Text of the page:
Orlando Magic’s offense needs to find diversity in its approach

Franz Wagner has proven himself to be a skilled attacker for the Orlando Magic. Mandatory Credit: Kim Klement-USA TODAY Sports
Franz Wagner has proven himself to be a skilled attacker for the Orlando Magic. Mandatory Credit: Kim Klement-USA TODAY Sports /

The best moments for the Orlando Magic in Friday’s 119-100 loss to the Washington Wizards came when the team was free in playing in space. It came when the team used its defense to feed its offense.

Considering how undermanned the Magic were with just eight available players and the imbalance that came with the team’s suspensions — one point guard and one center were available for the game — this was something the team needed to do. They needed to win the game on the margins by finding points where no one else could.

Markelle Fultz got that memo. He was constantly hunting deflections and steals as Kristaps Porzingis grabbed rebounds, stealing two baskets off backcourt steals.

But the team’s most success — 16-0 run that spanned the end of the first and beginning of the second — came because the team was harassing defensively and getting out in transition or catching the Wizards before they could get their defense set.

The ball moved the way the team has always wanted it to move and the Magic got easy shots.

Things dried up pretty quickly and frustration set in once again. Orlando was not able to repeat that success. And the Magic struggled whenever the Wizards’ starters were in.

The Orlando Magic struggled again offensively as their drive game failed them and left them with little ways to attack in recent losses.

Orlando held the boat steady to stay down by nine at the half. But the third quarter featured a one-dimensional offense that struggled to get itself going. It was the same kind of one-dimensional offense that still shows promise and mastery in one area, but not the ability to use that to carry them through.

This gets to the heart of the Magic’s offensive problems and issues. The team is seeking some offensive diversity.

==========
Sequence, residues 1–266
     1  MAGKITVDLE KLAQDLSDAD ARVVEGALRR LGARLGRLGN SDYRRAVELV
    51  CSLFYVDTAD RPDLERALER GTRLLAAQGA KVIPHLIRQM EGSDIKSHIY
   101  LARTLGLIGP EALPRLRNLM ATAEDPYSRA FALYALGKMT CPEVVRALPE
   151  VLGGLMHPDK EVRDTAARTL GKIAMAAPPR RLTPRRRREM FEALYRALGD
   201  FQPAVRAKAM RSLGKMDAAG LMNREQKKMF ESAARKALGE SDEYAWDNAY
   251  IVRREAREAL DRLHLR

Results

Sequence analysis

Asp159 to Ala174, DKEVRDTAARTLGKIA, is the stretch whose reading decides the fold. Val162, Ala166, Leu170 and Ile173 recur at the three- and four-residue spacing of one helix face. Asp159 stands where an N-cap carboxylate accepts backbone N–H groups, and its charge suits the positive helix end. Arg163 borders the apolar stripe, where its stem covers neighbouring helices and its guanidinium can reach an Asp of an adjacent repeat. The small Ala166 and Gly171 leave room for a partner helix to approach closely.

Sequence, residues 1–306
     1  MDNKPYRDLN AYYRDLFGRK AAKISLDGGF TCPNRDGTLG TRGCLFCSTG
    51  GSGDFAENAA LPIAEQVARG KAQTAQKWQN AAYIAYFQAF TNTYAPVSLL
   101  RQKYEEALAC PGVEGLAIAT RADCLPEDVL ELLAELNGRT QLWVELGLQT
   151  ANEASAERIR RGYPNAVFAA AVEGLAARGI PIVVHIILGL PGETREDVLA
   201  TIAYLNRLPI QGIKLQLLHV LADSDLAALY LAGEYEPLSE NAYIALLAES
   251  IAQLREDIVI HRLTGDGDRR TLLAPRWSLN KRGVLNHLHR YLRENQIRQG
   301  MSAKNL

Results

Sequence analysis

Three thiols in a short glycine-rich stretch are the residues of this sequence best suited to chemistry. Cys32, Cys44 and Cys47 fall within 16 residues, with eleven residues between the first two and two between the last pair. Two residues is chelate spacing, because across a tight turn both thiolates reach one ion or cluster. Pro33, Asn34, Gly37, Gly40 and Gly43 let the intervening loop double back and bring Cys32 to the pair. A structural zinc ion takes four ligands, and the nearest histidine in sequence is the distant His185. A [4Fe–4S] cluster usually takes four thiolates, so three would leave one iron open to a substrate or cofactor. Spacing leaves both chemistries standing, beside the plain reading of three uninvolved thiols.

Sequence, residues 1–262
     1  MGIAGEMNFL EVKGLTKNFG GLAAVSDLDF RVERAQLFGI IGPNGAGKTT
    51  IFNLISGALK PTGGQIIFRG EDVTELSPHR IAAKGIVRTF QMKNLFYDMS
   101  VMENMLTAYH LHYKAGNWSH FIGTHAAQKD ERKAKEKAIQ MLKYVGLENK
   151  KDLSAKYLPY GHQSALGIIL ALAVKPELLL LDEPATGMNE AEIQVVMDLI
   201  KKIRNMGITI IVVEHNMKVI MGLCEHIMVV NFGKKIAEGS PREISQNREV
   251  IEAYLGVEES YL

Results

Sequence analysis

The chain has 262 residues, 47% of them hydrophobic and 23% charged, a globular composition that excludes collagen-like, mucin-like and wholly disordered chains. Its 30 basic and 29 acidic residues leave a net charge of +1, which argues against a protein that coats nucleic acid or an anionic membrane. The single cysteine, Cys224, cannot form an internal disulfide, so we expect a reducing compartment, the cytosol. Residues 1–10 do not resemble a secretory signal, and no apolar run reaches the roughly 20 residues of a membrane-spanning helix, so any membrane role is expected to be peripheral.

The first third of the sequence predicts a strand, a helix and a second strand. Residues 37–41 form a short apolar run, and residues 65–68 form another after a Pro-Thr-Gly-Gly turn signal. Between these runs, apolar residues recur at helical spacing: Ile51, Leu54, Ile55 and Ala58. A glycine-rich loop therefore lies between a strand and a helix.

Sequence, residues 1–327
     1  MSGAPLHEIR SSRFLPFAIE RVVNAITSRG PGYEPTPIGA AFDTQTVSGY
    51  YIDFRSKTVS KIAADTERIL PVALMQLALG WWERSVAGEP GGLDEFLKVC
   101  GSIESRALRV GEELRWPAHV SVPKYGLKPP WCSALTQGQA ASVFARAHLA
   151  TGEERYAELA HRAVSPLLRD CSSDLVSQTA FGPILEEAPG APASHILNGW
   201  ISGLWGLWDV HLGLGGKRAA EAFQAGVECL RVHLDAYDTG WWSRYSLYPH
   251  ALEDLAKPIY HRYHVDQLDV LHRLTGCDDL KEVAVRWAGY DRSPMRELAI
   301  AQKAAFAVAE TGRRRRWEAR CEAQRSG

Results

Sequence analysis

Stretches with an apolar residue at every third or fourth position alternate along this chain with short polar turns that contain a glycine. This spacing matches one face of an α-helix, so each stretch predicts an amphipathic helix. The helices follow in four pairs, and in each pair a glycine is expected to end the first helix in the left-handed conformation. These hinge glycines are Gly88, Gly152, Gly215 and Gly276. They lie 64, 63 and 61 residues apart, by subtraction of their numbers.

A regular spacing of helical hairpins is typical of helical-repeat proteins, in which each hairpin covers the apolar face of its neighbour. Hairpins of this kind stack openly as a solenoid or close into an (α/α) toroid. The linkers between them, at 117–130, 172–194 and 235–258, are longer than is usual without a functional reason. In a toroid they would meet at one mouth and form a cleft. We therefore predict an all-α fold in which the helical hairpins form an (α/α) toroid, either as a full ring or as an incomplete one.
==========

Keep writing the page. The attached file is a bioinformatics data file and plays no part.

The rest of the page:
Orlando has made it an emphasis to drive and get to the basket. But when that is locked off or when that is the only option the Magic have available to them, it is easy to see how the offense sputters.

Everything for the Magic can often get reduced down to the team’s needs to make shots. But as they let their young players learn how to run the offense and adjust to the different defenses they see in front of them, they have to learn how to diversify their offense.

Orlando right now is a one-trick pony. If the team is not able to generate offense off their paint presence or ability to get to the foul line, they struggle to score consistently. And so the team’s next trick is to diversify its offense.

Some of that will come with players returning to health. Markelle Fultz’s return helped give the Magic another attacker (and a surprisingly willing shooter). Wendell Carter’s return will help with screening and freeing players up to add cutting to the game. Better defense will help spring the team’s fast break opportunities.

For now, the Magic have to find a way to do this with the group they have. Everything still starts with what the team is good at. But that is clearly not enough.

Surprisingly, the Magic had some favorable stats in Friday’s loss to the Wizards. The same kind of favorable stats the Orlando Magic had in Wednesday’s loss to the Detroit Pistons.

Orlando outscored Washington 62-46 in the paint. That is typically a sign the team will win. The 62 points represented the second-most points in the paint the Magic have scored in a game this season (only eclipsed by the 78 points in the paint scored in the overtime loss to the Sacramento Kings).